barrier island 40 miles north of Jacksonville, Fla. Fortunately,
the Carnegie family and the National Park Service have managed to
do so. The island is three miles wide and 18 miles long about the
size of Manhattan but it has only 30 residents. Guests arrive by
boat. The pristine beach is a protected National Seashore with no
dwellings. The 100-year-old mansion, still owned and operated by
the Carnegie family, is furnished as it was in the early 1900s, and
the cuisine and personal service is as fine as it was in that
The inn’s private compound of more than 1,000 acres provides a
sanctuary guests share with 300 species of birds, wild horses, deer
and other wildlife. Walking, biking, beachcombing and lounging on
the verandah are favored pursuits. In this setting, where not even
a daily newspaper sneaks in to spoil the peace, corporate retreats
for 25 to 40 are very productive.
Grand Marais, Minn.
Not much is more remote and beautiful than this lodge in the
million-acre Boundary Waters Canoe Area Wilderness, the world’s
largest area restricted to paddle craft. Groups meeting here, near
the border of the United States and Canada, share the woods with
bears, wolves, otters, moose and deer, but can count on no
intrusions from the outside world.
The lodge comfortably accommodates up to 100 guests. Also
on-site is a 2,500-square-foot conference center with a big stone
More than 1,500 miles of canoe trails with designated campsites
offer opportunities for the ultimate small group breakaways.
Diversions that do not involve paddling include fishing, hiking,
horseback riding, dogsledding and cross-country skiing.
Title Guaranty’s conference was held in the Ranch’s beachfront
Kapoa Village, one of the resort’s three 40-room villages. The
property also has a 22-room lodge. Guests in the villages stay in
comfortable solar-lit canvas bungalows with private bathrooms.
Designed with open space in mind, meeting areas are covered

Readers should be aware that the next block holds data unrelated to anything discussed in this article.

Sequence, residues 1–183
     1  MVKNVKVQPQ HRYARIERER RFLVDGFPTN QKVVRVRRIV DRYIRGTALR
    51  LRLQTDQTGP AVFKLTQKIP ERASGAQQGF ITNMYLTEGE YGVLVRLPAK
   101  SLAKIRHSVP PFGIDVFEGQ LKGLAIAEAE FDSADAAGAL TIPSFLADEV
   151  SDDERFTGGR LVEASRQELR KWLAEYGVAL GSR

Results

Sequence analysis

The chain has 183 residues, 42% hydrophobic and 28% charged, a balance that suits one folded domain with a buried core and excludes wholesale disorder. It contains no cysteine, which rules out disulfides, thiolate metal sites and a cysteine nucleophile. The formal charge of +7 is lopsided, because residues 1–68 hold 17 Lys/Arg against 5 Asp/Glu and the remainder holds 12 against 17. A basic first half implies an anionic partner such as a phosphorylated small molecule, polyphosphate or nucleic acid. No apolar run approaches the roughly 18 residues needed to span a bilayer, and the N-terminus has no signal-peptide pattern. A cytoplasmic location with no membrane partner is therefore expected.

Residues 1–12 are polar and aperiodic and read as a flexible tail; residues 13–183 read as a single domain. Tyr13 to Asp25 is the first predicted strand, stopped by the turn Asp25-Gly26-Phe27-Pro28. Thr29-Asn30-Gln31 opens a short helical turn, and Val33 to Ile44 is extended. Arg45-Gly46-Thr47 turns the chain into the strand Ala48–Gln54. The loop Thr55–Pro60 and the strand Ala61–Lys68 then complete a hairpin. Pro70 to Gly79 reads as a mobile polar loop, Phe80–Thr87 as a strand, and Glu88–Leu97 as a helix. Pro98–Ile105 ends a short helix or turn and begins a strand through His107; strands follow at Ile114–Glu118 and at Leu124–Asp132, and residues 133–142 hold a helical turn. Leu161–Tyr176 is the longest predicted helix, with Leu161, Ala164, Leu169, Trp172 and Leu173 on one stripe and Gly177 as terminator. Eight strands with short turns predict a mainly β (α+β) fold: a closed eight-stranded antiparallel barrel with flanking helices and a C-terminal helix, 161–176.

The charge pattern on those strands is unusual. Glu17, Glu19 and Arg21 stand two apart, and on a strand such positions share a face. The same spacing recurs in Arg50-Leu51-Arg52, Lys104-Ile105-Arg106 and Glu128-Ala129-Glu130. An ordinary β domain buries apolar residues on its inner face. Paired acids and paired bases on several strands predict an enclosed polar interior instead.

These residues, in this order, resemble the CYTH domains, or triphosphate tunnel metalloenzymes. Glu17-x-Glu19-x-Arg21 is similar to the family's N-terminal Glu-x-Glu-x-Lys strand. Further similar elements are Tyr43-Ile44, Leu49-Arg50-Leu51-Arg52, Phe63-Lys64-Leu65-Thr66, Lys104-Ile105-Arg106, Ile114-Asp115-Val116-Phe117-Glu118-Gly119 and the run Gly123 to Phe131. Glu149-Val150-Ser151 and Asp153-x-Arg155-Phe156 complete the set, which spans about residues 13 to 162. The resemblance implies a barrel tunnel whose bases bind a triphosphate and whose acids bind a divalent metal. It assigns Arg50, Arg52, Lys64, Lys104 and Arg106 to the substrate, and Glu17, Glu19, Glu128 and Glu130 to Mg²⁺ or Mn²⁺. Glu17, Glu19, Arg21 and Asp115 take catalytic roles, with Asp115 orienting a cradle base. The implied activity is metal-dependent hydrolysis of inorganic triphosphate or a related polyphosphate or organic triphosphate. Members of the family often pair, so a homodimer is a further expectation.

pavilions in natural settings with spectacular views. The bungalows
can be used as breakout rooms, and audiovisual presentations are
held in a state-of-the-art 154-seat theater. Guests enjoy all the
comforts of a fine dining room, elegant lounge and day spa, and can
chose from such activities as mountain biking, nature walks,
kayaking and beach combing. Team building also is available.
Banff, Alberta, Canada
There is a surreal quality to this 102-year-old lodge deep in the
Canadian Rockies, north of Lake Louise. The turquoise waters of Bow
Lake reflect rugged mountains and blue-white glaciers. It’s no
wonder Num-Ti-Jah Crowfoot for “pine martin,” a weasel-like animal
is a popular retreat for artists. Guests once arrived on horseback,
but today a road leads to the rustic 25-room log lodge. Guest rooms
are simple but spacious, with thick duvets on the beds. In the
library up to 50 people can gather comfortably, and the lounge,
restaurant and sitting room provide additional meeting space. The
only distraction is the great outdoors, which casts its spell
regardless of the season. Snowshoeing and skiing are popular winter
activities; fishing, hiking and horseback riding take over in the
New Plymouth, Ohio
When you log on to the castle’s Web site, baroque music pours from
your speakers while the image of a medieval castle takes shape on
the screen. Equally delightful is the castle itself, built in the
12th-century Norman-style atop a hill surrounded by a 50-acre
forest in central Ohio (two hours from Columbus). Four guest rooms
are on the first floor; other rooms and suites are in the castle’s
crenelated towers, each with its own distinctive decor. All have
antique stained-glass windows and lamps, gas fireplaces and garden
or whirlpool tubs. Most have private balconies or decks.
Twenty-four guests can be accommodated in the castle or
Common areas suitable for meetings include the Gothic Great
Hall, the library, the dining deck and the terrace. Trails,
gardens, croquet and other peaceful activities are provided on
site, and adjacent state parks offer canoeing, horseback riding and
a variety of other diversions.
Guests who bring cell phones will have to leave them in the office
for emergency calls. But lack of electronics is the only
deprivation in this African-style base camp on 300 acres high in
the Blue Ridge Mountains. Though the setting is rustic, a lot of
pampering still goes on. A maximum of 40 guests stay in heated
tents on platforms with sheltering roofs, electricity and real
The staff includes four chefs (one a vegetarian), who use only
range-fed meats and homegrown vegetables to prepare gourmet meals.
Repasts are served with African wine and followed by sherry, fine
cigars or s’mores around a campfire. The property is experienced in
corporate retreats and team-building, including a unique harambi
(Swahili for “community”) program in which teams barter for
materials to build bamboo huts. Activities range from golf on
nearby courses to hiking, rafting and hot-air ballooning.